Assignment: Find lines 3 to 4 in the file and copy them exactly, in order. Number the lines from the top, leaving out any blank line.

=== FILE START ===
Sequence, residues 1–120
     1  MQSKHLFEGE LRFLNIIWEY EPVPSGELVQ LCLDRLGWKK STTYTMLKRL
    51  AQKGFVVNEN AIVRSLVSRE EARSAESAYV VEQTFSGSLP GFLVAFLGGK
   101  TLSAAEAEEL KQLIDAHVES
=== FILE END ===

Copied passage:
    51  AQKGFVVNEN AIVRSLVSRE EARSAESAYV VEQTFSGSLP GFLVAFLGGK
   101  TLSAAEAEEL KQLIDAHVES